And then there are the people who are blatantly calling for us to take foolish risks. A certain talking head I’m not going to call out by name here is calling the bishops who cancel Masses and close churches cowards. She seems to think she’s being courageous, as if she’s the only one who will be hurt if she encourages people to get together in crowds during a pandemic. It’s not very pro-life of her.
I’m also seeing people suggesting that we should have more trust in God and go on performing the pious acts we’re accustomed to performing in the exact same way, and hopefully God will come through with a miracle if we do. We just go on crowding together and receiving on the tongue and dipping hands in the same bowl of Holy Water and God will save us from the consequences.
When suggestions like these are being seriously offered, I think we Christians need to look at the example of Christ in the Gospel.
There are two Gospel passages I want to call to your attention. The first is from the Gospel According to Matthew: Then the devil took him to the holy city and had him stand on the highest point of the temple. “If you are the Son of God,” he said, “throw yourself down. For it is written: “‘He will command his angels concerning you, and they will lift you up in their hands, so that you will not strike your foot against a stone.’ Jesus answered him, “It is also written: ‘Do not put the Lord your God to the test.’”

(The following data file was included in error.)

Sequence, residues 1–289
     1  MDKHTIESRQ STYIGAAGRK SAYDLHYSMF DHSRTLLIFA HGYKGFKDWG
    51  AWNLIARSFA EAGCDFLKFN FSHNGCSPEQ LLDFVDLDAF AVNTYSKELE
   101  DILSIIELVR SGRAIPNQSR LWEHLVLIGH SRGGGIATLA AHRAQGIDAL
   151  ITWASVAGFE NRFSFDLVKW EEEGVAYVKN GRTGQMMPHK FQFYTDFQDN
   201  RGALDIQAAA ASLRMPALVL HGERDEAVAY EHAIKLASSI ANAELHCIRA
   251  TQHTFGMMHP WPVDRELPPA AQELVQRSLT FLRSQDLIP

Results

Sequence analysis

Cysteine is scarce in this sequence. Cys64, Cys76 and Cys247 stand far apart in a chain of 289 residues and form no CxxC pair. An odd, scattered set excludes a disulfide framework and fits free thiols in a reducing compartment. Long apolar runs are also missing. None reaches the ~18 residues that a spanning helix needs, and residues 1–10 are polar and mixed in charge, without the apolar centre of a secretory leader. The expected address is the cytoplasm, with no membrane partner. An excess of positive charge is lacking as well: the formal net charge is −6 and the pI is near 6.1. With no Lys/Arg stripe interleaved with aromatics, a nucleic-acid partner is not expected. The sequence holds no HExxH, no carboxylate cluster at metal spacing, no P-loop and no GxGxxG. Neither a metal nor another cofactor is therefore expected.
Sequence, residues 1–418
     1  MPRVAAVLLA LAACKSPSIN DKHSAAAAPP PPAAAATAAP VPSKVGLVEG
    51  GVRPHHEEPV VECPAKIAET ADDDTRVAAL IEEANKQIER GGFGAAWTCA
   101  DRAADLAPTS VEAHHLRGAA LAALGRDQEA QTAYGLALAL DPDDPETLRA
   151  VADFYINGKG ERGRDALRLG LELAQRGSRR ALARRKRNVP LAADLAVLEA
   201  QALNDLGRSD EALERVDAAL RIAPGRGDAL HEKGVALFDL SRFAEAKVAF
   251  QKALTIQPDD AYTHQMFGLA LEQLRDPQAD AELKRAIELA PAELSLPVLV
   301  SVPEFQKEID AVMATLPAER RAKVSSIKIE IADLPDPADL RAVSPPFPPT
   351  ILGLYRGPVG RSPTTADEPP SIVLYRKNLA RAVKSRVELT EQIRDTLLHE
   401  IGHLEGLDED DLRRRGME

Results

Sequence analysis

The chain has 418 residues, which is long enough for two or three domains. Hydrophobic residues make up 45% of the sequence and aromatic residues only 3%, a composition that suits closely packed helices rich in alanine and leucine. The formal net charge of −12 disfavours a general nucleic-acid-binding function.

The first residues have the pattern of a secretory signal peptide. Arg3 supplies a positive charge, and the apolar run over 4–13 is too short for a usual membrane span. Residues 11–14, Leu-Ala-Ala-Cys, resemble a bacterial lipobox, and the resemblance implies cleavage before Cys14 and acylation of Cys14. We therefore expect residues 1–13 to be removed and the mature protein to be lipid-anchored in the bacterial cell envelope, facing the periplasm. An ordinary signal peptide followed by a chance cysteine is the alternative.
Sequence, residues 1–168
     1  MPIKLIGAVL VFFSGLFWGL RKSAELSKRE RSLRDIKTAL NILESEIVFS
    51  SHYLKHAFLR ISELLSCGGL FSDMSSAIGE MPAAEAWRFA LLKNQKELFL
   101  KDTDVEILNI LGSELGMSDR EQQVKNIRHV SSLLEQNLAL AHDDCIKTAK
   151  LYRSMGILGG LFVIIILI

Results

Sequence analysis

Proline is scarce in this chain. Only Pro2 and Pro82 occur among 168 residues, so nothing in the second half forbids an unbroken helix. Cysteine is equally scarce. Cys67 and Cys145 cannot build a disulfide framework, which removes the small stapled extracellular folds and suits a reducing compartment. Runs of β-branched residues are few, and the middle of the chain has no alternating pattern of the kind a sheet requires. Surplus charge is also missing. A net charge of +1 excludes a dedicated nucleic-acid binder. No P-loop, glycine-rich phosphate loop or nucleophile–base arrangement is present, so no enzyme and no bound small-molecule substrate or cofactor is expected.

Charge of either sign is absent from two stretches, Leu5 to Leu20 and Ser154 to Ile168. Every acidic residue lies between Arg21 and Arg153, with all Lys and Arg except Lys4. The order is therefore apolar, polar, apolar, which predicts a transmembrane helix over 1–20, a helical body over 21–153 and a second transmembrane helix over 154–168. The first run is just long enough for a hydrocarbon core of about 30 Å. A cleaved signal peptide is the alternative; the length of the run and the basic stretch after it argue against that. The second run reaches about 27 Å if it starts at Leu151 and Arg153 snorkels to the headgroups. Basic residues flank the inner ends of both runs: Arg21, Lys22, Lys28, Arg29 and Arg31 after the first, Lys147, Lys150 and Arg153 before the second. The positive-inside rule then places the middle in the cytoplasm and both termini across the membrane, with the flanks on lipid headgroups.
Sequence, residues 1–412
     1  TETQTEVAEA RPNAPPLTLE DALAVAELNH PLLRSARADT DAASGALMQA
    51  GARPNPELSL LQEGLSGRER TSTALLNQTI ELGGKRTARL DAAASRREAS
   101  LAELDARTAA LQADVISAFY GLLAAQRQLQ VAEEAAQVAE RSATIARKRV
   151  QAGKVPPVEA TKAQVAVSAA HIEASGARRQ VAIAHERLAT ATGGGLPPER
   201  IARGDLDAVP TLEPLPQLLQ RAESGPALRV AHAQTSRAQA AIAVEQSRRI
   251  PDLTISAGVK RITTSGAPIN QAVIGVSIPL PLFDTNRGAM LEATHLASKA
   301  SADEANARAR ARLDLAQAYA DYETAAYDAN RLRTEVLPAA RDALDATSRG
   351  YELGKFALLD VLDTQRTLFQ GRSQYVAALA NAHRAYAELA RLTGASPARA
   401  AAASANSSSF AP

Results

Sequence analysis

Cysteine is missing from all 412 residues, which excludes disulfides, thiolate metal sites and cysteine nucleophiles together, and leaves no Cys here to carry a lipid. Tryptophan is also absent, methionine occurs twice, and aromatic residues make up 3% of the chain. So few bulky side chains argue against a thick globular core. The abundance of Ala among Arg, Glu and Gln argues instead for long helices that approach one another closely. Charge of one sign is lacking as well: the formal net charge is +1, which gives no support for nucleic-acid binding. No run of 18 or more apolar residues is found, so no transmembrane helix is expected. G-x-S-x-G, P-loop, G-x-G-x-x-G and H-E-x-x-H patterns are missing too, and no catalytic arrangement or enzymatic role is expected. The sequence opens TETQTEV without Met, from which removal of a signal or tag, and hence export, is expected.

The second is from the Gospel According to John: So Judas got a band of soldiers and guards from the chief priests and the Pharisees and went there with lanterns, torches, and weapons. Jesus, knowing everything that was going to happen to him, went out and said to them, “Whom are you looking for?” They answered him, “Jesus the Nazorean.” He said to them, “I AM.” Judas his betrayer was also with them. When he said to them, “I AM,” they turned away and fell to the ground. So he again asked them, “Whom are you looking for?” They said, “Jesus the Nazorean.” Jesus answered, “I told you that I AM. So if you are looking for me, let these men go.” This was to fulfill what he had said, “I have not lost any of those you gave me.”Now, Jesus was not a coward. He did take plenty of risks during His life on Earth. He touched people with infectious diseases. He defended adulteresses and other social outcasts. He spoke truth to power. He brought back His friend, Lazarus, from the dead, even though He knew full well that this action would make His enemies much more likely to try to have Him killed. All of those things are dangerous, risky behavior, and He did them when He saw He had the chance to accomplish something good for somebody else. He kept right on doing those risky things until He died, and even that didn’t stop Him.